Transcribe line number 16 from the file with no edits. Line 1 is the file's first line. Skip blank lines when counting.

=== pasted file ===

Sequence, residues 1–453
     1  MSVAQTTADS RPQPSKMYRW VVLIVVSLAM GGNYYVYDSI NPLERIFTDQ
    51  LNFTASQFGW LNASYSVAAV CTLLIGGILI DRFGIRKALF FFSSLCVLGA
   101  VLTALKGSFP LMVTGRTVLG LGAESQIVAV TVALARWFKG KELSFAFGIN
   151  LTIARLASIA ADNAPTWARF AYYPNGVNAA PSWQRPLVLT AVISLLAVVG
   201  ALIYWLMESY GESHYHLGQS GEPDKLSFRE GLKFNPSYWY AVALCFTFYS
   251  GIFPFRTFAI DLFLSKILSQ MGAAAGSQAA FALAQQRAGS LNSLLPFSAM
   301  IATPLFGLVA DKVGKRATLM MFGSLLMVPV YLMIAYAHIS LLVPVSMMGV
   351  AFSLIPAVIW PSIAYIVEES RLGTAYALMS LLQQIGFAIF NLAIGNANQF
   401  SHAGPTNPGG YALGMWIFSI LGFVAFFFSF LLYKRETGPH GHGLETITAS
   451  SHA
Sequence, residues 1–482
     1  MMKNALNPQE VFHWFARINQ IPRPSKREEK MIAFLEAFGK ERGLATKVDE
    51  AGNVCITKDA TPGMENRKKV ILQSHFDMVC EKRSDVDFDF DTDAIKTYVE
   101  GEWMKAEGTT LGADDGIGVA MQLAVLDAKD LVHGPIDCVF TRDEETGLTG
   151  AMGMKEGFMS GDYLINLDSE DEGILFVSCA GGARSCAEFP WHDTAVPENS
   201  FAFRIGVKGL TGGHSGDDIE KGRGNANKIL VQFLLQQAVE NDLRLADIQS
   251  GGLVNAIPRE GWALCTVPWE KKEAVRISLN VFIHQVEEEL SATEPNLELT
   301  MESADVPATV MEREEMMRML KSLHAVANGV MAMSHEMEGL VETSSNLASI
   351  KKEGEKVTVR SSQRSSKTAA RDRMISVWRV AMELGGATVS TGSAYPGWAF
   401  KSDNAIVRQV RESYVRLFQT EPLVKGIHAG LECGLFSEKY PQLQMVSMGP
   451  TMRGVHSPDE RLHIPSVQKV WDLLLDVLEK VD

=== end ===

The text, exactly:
   151  AMGMKEGFMS GDYLINLDSE DEGILFVSCA GGARSCAEFP WHDTAVPENS